Safeguarding the interests of the caste members was yet another function of the panchayat. These caste panchayats have become weak and ineffective nowadays. The castes and subcastes together make up the Hindu social system. Still in some respects each is isolated from the other. It is in a way semi sovereign. The castes are a ‘complete world’ in themselves for their members. The members are expected to be loyal to the caste. Caste feeling is hence very strong.
It is very much stronger in rural areas than in the urban area. It is because of this the amount of community-feeling is restricted. 3. Restrictions on Food Habits: The caste system has imposed certain restrictions on the food habits of the members; they differ from caste to caste. Who should accept what kind of food and from whom? is often decided by the caste. For example, in North India, a Brahmin would accept ‘pakka’ food [cooked in ghee] only from some castes lower than his own. But he would accept ‘kachcha’ food [prepared with the use of water] at the hands of no other caste except his own.
As a matter of rule and practice, no individual would accept ‘kachcha’ food prepared by an inferior caste man. Generally, any kind of food that is prepared by the Brahmins is acceptable to all the caste people. This factor explains as to why the Brahmins dominated the hotel industry for a long time. Further, restrictions are also there still on the use of certain vegetables for certain castes. Even today, some traditional Brahmins do not consume onions, garlic, cabbage, carrot, beatroot, etc. Eating beef is not allowed except for the Harijans. 4.
Restrictions on social Relations: The caste system puts restrictions on the range of social relations also. The idea of ‘pollution’ makes this point clear. It means a touch of a lower caste man (particularly Harijan) would pollute or defile a man of higher caste. Even his shadow is considered enough to pollute a higher caste man. In Kerala for a long time, a Nayar could approach a Nambudari Brahamin but would not touch him.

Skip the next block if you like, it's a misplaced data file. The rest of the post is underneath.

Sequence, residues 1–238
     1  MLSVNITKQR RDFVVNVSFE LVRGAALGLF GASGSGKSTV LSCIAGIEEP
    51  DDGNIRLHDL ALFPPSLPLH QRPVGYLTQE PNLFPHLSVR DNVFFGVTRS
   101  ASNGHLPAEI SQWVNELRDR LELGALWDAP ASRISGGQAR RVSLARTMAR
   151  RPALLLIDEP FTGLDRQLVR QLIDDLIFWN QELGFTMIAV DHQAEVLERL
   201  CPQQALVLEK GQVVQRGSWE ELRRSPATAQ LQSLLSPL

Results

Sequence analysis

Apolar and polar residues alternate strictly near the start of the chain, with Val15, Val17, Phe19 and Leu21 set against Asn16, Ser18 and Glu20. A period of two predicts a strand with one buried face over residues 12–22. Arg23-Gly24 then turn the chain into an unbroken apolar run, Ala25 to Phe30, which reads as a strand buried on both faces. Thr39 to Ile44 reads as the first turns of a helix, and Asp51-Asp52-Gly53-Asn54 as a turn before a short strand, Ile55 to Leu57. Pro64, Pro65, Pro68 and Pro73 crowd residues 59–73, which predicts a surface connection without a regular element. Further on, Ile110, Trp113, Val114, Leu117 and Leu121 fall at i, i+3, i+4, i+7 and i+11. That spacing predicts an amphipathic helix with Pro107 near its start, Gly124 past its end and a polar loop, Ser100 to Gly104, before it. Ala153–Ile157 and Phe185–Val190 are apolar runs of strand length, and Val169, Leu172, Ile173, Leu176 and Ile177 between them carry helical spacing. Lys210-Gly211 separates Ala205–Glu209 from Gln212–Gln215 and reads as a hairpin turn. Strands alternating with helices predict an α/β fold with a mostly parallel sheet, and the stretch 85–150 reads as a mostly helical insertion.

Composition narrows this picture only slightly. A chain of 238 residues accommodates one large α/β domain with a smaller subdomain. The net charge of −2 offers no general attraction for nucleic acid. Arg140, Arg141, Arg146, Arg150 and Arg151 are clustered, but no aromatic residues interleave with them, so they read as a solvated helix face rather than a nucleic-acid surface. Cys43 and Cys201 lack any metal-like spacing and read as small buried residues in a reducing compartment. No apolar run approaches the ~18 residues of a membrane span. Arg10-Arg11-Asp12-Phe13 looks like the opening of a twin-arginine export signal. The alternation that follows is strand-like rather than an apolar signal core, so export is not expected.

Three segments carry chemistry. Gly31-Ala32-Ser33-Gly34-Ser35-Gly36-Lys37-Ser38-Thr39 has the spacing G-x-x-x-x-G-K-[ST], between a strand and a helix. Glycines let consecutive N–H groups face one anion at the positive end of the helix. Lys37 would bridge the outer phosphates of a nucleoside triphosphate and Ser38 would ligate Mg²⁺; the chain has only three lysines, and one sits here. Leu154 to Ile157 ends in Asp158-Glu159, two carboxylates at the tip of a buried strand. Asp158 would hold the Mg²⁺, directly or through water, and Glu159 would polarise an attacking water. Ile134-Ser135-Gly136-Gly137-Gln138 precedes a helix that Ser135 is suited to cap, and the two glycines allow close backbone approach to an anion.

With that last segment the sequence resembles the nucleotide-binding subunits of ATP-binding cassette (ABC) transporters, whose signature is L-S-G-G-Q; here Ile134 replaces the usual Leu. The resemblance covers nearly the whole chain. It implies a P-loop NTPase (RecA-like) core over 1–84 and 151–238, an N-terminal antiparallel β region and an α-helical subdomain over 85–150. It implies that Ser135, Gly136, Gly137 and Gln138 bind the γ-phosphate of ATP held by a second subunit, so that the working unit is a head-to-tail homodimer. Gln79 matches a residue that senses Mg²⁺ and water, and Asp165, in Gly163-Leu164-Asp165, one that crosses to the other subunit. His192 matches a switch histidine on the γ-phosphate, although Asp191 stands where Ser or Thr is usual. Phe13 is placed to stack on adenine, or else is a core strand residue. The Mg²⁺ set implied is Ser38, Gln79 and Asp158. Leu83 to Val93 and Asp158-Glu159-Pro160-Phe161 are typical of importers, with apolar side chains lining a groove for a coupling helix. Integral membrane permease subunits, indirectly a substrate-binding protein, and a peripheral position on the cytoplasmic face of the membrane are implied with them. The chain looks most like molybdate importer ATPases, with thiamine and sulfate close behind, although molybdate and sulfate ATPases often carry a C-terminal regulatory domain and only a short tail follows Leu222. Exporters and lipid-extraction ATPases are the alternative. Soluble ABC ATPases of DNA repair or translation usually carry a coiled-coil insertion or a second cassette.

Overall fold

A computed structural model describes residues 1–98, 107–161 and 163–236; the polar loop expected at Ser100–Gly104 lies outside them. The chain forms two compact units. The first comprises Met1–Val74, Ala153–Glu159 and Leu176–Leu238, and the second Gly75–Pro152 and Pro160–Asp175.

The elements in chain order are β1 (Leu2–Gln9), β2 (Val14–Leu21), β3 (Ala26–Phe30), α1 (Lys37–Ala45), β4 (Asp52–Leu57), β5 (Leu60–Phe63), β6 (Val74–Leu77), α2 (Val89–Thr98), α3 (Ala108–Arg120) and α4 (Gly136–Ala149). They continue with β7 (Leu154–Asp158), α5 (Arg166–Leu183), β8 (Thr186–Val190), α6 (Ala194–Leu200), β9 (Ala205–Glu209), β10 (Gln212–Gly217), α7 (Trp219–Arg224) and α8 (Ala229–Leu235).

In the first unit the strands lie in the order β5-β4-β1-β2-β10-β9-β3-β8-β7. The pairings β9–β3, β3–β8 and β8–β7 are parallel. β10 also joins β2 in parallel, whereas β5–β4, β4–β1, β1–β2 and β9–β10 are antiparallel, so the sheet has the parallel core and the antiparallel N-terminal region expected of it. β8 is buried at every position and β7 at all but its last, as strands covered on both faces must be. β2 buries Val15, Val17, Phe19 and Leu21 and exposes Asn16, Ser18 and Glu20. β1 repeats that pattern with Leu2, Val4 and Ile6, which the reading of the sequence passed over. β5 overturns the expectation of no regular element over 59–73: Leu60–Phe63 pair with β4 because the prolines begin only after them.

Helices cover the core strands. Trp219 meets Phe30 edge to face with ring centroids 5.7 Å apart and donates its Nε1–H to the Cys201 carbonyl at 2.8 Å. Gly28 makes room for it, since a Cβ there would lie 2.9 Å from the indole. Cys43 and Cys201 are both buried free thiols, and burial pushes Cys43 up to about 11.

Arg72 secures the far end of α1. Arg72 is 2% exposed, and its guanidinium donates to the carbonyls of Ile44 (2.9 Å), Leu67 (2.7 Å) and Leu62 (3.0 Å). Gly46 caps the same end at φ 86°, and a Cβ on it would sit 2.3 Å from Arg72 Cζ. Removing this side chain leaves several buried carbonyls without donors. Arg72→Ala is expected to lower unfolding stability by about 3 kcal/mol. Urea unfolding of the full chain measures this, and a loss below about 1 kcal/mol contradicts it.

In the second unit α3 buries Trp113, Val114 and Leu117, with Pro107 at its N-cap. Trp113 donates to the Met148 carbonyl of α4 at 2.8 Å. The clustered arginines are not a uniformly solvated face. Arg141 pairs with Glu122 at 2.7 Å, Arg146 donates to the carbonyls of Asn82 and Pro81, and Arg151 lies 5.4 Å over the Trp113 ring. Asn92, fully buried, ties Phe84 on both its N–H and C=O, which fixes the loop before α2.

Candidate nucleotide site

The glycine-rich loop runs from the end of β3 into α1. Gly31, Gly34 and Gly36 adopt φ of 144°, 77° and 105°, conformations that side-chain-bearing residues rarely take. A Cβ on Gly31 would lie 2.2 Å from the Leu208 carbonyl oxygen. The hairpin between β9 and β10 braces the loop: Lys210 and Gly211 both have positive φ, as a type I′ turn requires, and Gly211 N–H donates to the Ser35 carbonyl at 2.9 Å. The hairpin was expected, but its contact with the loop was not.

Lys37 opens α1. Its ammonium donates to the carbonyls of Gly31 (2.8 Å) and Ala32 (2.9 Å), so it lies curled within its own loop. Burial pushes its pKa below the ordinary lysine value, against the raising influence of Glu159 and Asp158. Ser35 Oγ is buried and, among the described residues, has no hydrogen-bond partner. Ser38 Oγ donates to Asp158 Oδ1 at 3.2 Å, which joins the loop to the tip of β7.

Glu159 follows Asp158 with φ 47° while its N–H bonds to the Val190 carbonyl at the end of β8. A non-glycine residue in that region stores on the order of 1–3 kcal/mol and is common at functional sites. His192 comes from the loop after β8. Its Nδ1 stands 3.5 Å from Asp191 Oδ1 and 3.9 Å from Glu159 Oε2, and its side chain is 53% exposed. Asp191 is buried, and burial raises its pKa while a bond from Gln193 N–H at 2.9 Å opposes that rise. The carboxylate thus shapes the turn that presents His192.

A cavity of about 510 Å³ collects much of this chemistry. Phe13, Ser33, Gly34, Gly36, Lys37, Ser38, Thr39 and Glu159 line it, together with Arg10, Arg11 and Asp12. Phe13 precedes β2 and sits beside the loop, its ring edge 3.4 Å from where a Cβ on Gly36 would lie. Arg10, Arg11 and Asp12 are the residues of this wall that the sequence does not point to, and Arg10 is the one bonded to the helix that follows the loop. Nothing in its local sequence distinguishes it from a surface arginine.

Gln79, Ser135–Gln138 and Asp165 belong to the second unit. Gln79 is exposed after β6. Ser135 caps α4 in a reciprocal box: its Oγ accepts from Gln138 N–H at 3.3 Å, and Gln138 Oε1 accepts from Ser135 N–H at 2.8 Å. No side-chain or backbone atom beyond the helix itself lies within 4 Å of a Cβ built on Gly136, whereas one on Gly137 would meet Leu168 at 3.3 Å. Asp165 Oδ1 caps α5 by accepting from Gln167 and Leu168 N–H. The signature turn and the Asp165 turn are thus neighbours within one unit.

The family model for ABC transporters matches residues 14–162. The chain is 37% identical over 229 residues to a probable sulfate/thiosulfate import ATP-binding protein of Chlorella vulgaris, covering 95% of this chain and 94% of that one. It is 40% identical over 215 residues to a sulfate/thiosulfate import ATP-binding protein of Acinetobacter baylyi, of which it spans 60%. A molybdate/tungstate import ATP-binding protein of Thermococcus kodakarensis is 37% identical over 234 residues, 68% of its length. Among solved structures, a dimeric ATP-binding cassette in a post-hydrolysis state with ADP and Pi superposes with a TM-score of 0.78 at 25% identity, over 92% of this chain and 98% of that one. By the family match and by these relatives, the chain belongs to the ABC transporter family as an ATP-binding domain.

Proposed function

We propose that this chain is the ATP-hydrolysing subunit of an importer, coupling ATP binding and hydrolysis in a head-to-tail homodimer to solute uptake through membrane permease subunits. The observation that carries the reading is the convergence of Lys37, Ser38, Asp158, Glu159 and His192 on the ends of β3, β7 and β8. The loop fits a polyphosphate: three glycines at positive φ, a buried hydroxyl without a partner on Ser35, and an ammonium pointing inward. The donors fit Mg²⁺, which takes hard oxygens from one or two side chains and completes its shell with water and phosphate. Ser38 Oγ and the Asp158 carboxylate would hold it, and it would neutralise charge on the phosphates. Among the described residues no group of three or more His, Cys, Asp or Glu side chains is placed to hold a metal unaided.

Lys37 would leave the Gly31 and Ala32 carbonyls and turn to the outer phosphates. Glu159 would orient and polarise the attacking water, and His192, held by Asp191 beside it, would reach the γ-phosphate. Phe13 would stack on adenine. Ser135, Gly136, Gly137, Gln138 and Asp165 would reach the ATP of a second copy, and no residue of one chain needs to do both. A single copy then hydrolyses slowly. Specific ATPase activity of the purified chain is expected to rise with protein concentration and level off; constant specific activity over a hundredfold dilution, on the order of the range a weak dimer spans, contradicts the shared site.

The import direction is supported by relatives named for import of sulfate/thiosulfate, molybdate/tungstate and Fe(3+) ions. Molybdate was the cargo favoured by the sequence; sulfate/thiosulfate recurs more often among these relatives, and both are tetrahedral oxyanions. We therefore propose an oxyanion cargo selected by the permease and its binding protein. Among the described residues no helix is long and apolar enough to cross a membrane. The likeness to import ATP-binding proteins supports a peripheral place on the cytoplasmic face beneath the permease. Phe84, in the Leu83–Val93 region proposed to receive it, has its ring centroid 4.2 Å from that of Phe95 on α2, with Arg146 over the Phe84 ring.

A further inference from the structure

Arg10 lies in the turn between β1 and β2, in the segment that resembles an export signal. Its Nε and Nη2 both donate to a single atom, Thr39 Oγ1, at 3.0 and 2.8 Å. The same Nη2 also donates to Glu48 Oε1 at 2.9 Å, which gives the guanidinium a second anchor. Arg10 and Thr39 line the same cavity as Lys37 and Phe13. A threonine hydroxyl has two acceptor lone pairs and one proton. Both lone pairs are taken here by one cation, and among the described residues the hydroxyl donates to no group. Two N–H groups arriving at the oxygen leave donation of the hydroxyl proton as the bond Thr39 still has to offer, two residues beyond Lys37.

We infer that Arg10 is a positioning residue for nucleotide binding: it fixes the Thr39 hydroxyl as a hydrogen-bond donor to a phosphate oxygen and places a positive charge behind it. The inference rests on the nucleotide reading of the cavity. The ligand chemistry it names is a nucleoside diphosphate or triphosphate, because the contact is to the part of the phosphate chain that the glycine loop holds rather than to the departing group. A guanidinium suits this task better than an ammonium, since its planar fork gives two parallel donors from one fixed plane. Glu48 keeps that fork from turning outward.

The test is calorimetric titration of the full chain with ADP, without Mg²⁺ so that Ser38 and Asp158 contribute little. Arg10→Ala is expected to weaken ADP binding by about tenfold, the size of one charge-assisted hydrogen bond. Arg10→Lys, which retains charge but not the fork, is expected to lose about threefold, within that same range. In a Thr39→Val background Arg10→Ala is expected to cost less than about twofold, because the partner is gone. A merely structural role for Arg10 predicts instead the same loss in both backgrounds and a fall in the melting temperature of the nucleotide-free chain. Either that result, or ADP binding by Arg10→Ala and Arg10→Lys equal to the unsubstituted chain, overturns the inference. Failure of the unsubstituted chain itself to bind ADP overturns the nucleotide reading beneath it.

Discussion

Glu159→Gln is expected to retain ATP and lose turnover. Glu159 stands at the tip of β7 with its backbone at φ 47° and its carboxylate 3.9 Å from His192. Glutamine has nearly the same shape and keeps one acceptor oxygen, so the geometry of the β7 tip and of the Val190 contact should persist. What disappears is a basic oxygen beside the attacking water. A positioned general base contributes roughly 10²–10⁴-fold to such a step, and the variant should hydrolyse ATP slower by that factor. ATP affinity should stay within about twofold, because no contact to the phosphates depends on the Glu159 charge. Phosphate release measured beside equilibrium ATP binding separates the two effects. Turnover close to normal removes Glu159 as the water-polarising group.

Further, a Tiyan was expected to keep himself at a distance of 36 steps from the Brahmin and apulaya at a distance of 96 paces. In Tamilnadu the Shanar toddy tapper was expected to keep a distance of 24 paces while approaching a Brahmin. This has resulted in the practice of untouchability. This practice has made the lower caste people to be segregated completely from the higher caste. 5. Social and Religious Disabilities of Certain Castes: In the traditional caste society some lower caste people [particularly, the Harijans] suffered from certain civil or social and religious disabilities. Generally, the impure castes are made to live on the outskirts of the city or the village. In south India, certain parts of the towns or the villages are not accessible to the Harijans.
It is recorded that during the Peshwa rule in Maharashtra the Mahars and Mangs were not allowed within the gates of Poona before 9.00 A.M. and after 3.00 P.M. The reason was during that time their bodies would cast too long shadows which, if they were to fall on the Brahmins, would defile them.
Socially, Harijans or the so called ‘untouchables’ are separated from other members. Even today, in many places they are not allowed to draw water from the public wells. During the early days, public places like hotels, hostels, public lecture halls, schools, temples, theatres were not kept open for the lower caste people.
Entrance to temples and other places of religious importance was forbidden for them. Educational facilities, legal rights and political representation were denied to them for a long time. In South India, restrictions were placed on the mode of constructing houses of the lower caste people, and their types of dresses and patterns of ornamentation. The toddy-tappers of Malabar were not allowed to carry umbrellas, to wear shoes or golden ornaments and to milk cows. They were forbidden to cover the upper part of their body. 6. The Civil and Religious Privileges of Certain Castes: If the lower caste people suffer from certain disabilities, some higher caste people like the Brahmins enjoy certain privileges. Nowhere the Brahmins suffered from the disabilities cited above.